During AMC testing, the AoPS Wiki is in read-only mode. No edits can be made.

Difference between revisions of "Area of an equilateral triangle"

m (Proof)
(Proof)
Line 4: Line 4:
 
== Proof ==
 
== Proof ==
  
''Method 1'' Dropping the altitude of our triangle splits it into two triangles. By HL congruence, these are congruent, so the "short side" is <math>\frac{s}{2}</math>.
+
''Method 1:'' Dropping the altitude of our triangle splits it into two triangles. By HL congruence, these are congruent, so the "short side" is <math>\frac{s}{2}</math>.
  
 
Using the [[Pythagorean theorem]], we get <math>s^2=h^2+\frac{s^2}{4}</math>, where <math>h</math> is the height of the triangle. Solving, <math>h=\frac{s\sqrt{3}}{2}</math>. (note we could use 30-60-90 right triangles.)
 
Using the [[Pythagorean theorem]], we get <math>s^2=h^2+\frac{s^2}{4}</math>, where <math>h</math> is the height of the triangle. Solving, <math>h=\frac{s\sqrt{3}}{2}</math>. (note we could use 30-60-90 right triangles.)
Line 10: Line 10:
 
We use the formula for the area of a triangle, <math>{bh \over 2}</math> (note <math>s</math> is the length of a base), so the area is <cmath>\boxed{\frac{s^2\sqrt{3}}{4}}</cmath>
 
We use the formula for the area of a triangle, <math>{bh \over 2}</math> (note <math>s</math> is the length of a base), so the area is <cmath>\boxed{\frac{s^2\sqrt{3}}{4}}</cmath>
  
''Method 2'' '''(warning: uses trig.)''' The area of a triangle is <math>\frac{ab\sin{C}}{2}</math>. Plugging in <math>a=b=s</math> and <math>C=\frac{\pi}{3}</math> (the angle at each vertex, in radians), we get the area to be <math>\frac{s\cdot s\cdot \frac{\sqrt{3}{2}}{2}=</math>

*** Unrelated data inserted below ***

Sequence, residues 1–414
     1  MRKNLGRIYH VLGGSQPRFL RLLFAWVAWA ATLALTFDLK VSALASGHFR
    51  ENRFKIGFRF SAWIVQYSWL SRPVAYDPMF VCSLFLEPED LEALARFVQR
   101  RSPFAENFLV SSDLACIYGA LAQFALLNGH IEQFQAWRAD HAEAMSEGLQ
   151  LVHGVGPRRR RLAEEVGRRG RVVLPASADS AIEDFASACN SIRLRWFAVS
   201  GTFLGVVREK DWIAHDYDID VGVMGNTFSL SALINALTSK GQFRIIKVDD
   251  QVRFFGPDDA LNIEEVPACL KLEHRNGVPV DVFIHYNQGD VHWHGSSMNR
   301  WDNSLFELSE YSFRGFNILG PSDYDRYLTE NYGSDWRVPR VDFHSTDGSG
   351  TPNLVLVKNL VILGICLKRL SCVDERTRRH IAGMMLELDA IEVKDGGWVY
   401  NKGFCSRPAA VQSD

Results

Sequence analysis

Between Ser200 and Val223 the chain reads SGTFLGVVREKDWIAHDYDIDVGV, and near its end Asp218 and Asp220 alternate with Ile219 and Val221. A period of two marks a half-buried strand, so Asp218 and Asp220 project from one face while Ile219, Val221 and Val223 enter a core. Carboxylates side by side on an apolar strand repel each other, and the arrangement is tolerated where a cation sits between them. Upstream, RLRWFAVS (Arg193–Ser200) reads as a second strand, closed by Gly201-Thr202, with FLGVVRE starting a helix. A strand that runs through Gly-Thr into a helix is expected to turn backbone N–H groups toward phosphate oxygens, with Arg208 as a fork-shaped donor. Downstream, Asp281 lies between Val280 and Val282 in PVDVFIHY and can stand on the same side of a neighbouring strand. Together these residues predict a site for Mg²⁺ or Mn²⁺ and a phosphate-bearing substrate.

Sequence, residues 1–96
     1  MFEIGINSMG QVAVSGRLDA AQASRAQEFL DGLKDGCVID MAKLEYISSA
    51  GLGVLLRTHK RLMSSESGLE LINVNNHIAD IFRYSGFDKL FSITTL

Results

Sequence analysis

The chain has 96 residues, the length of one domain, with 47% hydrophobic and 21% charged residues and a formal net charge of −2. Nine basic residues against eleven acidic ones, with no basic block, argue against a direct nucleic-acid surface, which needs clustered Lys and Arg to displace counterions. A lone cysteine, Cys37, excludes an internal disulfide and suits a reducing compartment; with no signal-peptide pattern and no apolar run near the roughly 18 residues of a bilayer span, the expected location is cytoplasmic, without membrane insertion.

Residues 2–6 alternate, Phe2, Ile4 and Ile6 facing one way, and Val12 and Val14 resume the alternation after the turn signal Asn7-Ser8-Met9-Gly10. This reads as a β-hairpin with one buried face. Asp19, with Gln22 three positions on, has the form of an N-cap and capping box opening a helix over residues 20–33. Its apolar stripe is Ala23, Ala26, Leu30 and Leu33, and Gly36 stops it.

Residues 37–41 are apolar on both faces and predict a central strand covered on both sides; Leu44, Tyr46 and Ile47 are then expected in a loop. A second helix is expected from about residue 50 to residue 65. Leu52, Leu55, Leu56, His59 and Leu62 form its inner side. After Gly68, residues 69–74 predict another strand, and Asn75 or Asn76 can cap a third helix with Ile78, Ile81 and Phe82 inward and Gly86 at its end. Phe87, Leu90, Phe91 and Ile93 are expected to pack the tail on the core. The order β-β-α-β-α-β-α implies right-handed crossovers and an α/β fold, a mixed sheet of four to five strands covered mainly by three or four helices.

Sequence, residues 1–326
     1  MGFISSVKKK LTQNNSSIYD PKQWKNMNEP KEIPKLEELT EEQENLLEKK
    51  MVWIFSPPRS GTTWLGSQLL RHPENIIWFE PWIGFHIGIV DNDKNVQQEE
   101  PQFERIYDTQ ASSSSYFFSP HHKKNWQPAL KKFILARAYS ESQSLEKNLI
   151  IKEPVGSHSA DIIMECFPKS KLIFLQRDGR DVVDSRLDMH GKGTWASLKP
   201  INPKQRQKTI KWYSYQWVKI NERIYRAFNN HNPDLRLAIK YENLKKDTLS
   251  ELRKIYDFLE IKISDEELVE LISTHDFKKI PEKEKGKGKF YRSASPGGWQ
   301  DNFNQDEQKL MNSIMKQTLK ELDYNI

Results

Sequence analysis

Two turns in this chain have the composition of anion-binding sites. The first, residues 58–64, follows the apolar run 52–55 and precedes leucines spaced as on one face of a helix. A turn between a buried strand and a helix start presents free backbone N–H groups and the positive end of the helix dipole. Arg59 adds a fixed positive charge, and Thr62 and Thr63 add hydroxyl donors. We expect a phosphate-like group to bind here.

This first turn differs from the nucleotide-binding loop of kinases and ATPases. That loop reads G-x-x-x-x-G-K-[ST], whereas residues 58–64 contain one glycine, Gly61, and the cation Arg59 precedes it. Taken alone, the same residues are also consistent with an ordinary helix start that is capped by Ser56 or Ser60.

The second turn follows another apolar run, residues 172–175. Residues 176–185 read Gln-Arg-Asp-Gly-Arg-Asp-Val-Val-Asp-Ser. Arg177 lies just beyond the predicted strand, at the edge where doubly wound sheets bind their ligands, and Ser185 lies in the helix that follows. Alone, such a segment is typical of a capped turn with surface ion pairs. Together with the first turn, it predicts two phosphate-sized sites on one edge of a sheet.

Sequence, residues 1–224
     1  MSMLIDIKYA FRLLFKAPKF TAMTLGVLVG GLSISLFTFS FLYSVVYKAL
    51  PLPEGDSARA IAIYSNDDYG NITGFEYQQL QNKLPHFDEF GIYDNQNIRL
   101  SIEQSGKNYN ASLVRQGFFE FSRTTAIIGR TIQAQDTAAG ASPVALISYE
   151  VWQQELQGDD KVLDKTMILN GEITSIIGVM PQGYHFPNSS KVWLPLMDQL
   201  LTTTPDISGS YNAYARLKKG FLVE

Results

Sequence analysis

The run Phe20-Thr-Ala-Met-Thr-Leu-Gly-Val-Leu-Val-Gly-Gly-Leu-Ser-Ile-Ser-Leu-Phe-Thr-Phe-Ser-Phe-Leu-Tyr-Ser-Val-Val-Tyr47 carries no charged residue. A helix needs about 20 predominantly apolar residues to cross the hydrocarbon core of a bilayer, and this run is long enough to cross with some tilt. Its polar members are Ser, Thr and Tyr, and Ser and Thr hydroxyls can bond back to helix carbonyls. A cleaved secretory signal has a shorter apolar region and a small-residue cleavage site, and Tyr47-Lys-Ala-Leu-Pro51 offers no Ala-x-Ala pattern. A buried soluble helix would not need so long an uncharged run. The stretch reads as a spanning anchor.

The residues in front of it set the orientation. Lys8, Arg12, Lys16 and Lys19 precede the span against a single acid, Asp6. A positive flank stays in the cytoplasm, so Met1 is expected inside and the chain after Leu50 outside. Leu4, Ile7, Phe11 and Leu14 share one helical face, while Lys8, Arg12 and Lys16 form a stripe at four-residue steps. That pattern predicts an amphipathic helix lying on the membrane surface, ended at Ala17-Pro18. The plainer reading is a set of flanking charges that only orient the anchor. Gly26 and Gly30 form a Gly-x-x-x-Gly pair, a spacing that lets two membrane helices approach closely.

+
''Method 2:'' '''(warning: uses trig.)''' The area of a triangle is <math>\frac{ab\sin{C}}{2}</math>. Plugging in <math>a=b=s</math> and <math>C=\frac{\pi}{3}</math> (the angle at each vertex, in radians), we get the area to be <math>\frac{s\cdot s\cdot \frac{\sqrt{3}{2}}{2}=</math>
 
<cmath>\boxed{\frac{s^2\sqrt{3}}{4}}</cmath>
 
<cmath>\boxed{\frac{s^2\sqrt{3}}{4}}</cmath>

Revision as of 16:30, 10 November 2017

The area of an equilateral triangle is $\frac{s^2\sqrt{3}}{4}$, where $s$ is the sidelength of the triangle.


Proof

Method 1: Dropping the altitude of our triangle splits it into two triangles. By HL congruence, these are congruent, so the "short side" is $\frac{s}{2}$.

Using the Pythagorean theorem, we get $s^2=h^2+\frac{s^2}{4}$, where $h$ is the height of the triangle. Solving, $h=\frac{s\sqrt{3}}{2}$. (note we could use 30-60-90 right triangles.)

We use the formula for the area of a triangle, ${bh \over 2}$ (note $s$ is the length of a base), so the area is \[\boxed{\frac{s^2\sqrt{3}}{4}}\]

Method 2: (warning: uses trig.) The area of a triangle is $\frac{ab\sin{C}}{2}$. Plugging in $a=b=s$ and $C=\frac{\pi}{3}$ (the angle at each vertex, in radians), we get the area to be $\frac{s\cdot s\cdot \frac{\sqrt{3}{2}}{2}=$ (Error compiling LaTeX. ! File ended while scanning use of \frac .) \[\boxed{\frac{s^2\sqrt{3}}{4}}\]

Invalid username
Login to AoPS